depending on the quantity and quality of the services offered. For example, service
providers that offer website access with extensive online services might charge higher
fees than service providers that provide only basic website services. Administrative fees
may be charged either as a flat fee per participant or as a percentage of plan assets.
Investment Fees. According to the EBSA publication, A Look At 401(k) Plan
Fees, investment-related fees are the largest component of 401(k) plan fees.4 These cover
the costs of transactions within investment options, such as the trades a particular mutual
fund makes. Some investment fees include the following:
Sales Charges: These are also known as loads. A front-end load is
charged upon investing in some mutual funds. Front-end loads reduce
the amount of the initial investment. Back-end loads (also called
deferred sales charges or redemption fees) are charged upon selling
Rule 12b-1 fees: These are annual fees that may be charged by mutual
funds from fund assets to pay for promotional costs and commissions to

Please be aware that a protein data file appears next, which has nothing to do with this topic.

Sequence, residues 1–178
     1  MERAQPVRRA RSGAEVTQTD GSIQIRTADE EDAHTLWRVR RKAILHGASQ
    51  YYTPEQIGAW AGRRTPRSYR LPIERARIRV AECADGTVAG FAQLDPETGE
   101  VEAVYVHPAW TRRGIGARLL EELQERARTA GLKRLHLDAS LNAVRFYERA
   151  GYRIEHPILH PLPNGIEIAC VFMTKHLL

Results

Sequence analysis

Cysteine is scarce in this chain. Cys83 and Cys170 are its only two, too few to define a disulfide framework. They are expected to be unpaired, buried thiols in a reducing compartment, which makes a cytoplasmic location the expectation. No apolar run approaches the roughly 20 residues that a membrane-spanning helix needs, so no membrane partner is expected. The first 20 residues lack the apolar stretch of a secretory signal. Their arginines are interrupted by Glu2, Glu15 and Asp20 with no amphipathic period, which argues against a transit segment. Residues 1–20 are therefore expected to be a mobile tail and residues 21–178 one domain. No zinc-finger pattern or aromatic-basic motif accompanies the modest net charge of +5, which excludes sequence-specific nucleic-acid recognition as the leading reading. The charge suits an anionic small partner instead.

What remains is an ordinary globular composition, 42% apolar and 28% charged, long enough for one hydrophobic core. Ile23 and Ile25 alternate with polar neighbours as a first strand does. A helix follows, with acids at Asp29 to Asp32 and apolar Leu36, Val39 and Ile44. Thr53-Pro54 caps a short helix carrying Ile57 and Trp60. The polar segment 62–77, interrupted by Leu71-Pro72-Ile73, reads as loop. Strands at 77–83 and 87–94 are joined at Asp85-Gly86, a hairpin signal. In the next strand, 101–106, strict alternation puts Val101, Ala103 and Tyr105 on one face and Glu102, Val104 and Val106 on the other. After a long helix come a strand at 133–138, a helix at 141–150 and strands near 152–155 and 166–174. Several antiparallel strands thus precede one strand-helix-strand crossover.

brokers and other salespeople. A point of contention is that service
providers may receive 12b-1 fees for including particular mutual funds
as investment options for participants in the plans they administer.
Soft dollar fees: These payments are for brokerage firm services (such
as research) other than commissions for trade execution.
Individual Service Fees. Individuals are charged fees that are associated with
using optional features in a 401(k) plan, such as loan origination fees. Fee arrangements
may also be “bundled” where some of the services provided or investment alternatives
offered to a 401(k) plan may be offered for a single fee. From this single fee, the provider